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See detailOral glucose tolerance tests in schizophrenic patients treated with antipsychotics
De Hert, Marc; Van Eyck, Dominique; Hermans, Gilberte ULg et al

in International Journal of Neuropsychopharmacology (2004, June), 7(Suppl. 1), 424

Objective. –A recent consensus conference has proposed guidelines for the monitoring for diabetes in patients with schizophrenia and also identifies the need of long-term prospective studies. Method. – A ... [more ▼]

Objective. –A recent consensus conference has proposed guidelines for the monitoring for diabetes in patients with schizophrenia and also identifies the need of long-term prospective studies. Method. – A large scale prospective study on metabolic risks of antipsychotic medication is currently ongoing. At baseline, patients get a full laboratory screening, ECG and an oral glucose tolerance test (OGTT). Baseline data on 100 non-diabetic patients at study inclusion and stable on medication for at least 6 months are presented. Results. – Glucose abnormalities are found in 22% of patients at baseline.A monitoring protocol based only on fasting glucose would not have detected 63.6% of these patients with classifiable glucose abnormalities in our sample. Fasting insulin and measures for insulin resistance have a high predictive value for abnormalities late in the OGTT. Conclusion. – Already at baseline, metabolic problems are frequently present in patients with schizophrenia treated with antipsychotics. Adding assessment of fasting insulin in a monitoring protocol improves detection of glucose abnormalities late in an OGTT. [less ▲]

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See detailOral glucose tolerance tests in treated patients with schizophrenia. Data to support an adaptation of the proposed guidelines for monitoring of patients on second generation antipsychotics?
De Hert, Marc; Van Eyck, Dominique; Hanssens, Linda et al

in European Psychiatry (2006), 21(4), 224-226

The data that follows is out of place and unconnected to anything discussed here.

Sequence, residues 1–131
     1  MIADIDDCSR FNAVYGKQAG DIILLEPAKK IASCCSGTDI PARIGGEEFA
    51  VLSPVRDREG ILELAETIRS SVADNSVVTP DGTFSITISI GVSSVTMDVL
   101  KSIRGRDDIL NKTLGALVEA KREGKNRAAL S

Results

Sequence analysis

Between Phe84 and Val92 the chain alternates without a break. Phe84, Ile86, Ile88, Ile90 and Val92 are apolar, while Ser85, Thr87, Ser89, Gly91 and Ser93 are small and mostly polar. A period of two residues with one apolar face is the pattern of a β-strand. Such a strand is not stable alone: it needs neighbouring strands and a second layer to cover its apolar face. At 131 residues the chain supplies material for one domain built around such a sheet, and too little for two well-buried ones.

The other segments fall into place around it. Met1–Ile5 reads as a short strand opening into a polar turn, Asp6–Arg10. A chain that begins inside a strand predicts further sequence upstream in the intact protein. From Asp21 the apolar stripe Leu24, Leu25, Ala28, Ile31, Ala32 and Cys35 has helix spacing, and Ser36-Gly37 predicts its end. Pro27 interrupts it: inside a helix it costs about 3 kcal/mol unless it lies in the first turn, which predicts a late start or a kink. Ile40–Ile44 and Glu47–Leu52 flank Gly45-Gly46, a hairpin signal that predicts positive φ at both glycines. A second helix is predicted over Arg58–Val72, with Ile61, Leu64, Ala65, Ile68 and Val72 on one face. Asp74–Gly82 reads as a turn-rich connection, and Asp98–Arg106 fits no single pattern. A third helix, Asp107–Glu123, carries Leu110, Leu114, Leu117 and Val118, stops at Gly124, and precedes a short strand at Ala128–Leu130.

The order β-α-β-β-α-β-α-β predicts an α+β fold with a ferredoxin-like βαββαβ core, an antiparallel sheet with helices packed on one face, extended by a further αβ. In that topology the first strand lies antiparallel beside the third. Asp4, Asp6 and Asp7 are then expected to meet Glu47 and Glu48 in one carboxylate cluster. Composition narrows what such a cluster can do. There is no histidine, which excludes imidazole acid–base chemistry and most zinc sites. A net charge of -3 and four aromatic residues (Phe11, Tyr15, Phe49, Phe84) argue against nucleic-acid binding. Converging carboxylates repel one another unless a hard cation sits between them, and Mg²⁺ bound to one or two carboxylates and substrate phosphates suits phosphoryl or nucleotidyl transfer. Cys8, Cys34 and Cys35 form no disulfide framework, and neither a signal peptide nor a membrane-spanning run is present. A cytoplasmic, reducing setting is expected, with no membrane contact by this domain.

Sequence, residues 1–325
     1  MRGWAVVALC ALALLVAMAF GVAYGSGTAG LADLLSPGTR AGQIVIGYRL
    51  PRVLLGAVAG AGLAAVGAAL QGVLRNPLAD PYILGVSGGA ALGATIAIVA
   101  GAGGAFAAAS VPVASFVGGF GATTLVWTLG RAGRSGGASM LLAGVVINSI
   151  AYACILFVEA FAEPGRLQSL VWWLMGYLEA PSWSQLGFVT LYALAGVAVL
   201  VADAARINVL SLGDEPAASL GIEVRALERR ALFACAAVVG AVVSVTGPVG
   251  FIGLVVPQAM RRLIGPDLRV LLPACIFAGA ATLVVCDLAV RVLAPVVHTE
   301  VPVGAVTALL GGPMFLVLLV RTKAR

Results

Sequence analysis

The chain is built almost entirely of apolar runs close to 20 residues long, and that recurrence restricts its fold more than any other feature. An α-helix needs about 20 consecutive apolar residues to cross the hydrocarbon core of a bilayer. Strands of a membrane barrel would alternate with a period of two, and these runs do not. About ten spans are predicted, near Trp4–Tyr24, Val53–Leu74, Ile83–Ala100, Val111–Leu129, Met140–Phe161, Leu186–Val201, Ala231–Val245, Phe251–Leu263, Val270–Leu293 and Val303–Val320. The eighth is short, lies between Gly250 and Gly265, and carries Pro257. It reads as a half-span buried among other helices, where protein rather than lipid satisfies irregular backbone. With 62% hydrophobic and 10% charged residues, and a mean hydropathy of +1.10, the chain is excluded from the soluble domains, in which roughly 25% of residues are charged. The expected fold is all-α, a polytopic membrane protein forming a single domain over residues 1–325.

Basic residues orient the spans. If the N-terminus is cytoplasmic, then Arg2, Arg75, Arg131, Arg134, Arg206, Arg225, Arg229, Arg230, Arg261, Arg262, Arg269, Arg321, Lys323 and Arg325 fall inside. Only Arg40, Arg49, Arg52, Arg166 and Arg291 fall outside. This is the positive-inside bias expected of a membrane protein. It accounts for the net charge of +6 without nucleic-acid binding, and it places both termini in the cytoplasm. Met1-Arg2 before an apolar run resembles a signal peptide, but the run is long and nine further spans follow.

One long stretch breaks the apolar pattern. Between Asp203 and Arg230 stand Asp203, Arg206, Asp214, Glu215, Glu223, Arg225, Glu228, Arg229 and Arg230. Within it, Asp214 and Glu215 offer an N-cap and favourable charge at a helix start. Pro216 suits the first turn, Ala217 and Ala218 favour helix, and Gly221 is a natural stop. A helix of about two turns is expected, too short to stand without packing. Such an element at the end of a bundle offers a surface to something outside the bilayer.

Objective. - A recent consensus conference has proposed guidelines for the monitoring for diabetes in patients with schizophrenia and also identifies the need of long-term prospective studies. Method. - A ... [more ▼]

Objective. - A recent consensus conference has proposed guidelines for the monitoring for diabetes in patients with schizophrenia and also identifies the need of long-term prospective studies. Method. - A large scale prospective study on metabolic risks of antipsychotic medication is currently ongoing. At baseline, patients get a full laboratory screening, ECG and an oral glucose tolerance test (OGTT). Baseline data on 100 non-diabetic patients at study inclusion and stable on medication for at least 6 months are presented. Results. - Glucose abnormalities are found in 22% of patients at baseline, A monitoring protocol based only on fasting glucose would not have detected 63.6% of these patients with classifiable glucose abnormalities in our sample. Fasting insulin and measures for insulin resistance have a high predictive value for abnormalities late in the OGTT. Conclusion. - Already at baseline, metabolic problems are frequently present in patients with schizophrenia treated with antipsychotics. Adding assessment of fasting insulin in a monitoring protocol improves detection of glucose abnormalities late in an OGTT. (c) 2005 Elsevier SAS. All rights reserved. [less ▲]

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See detailOral ibandronate (150 mg) continues to be effective and well tolerated when administered monthly: the mobile study long-term extension
Stakkestad, J. A.; Lorenc, R.; Czerwinski, E. et al

in Osteoporosis International (2007, March), 18(Suppl.1), 135-136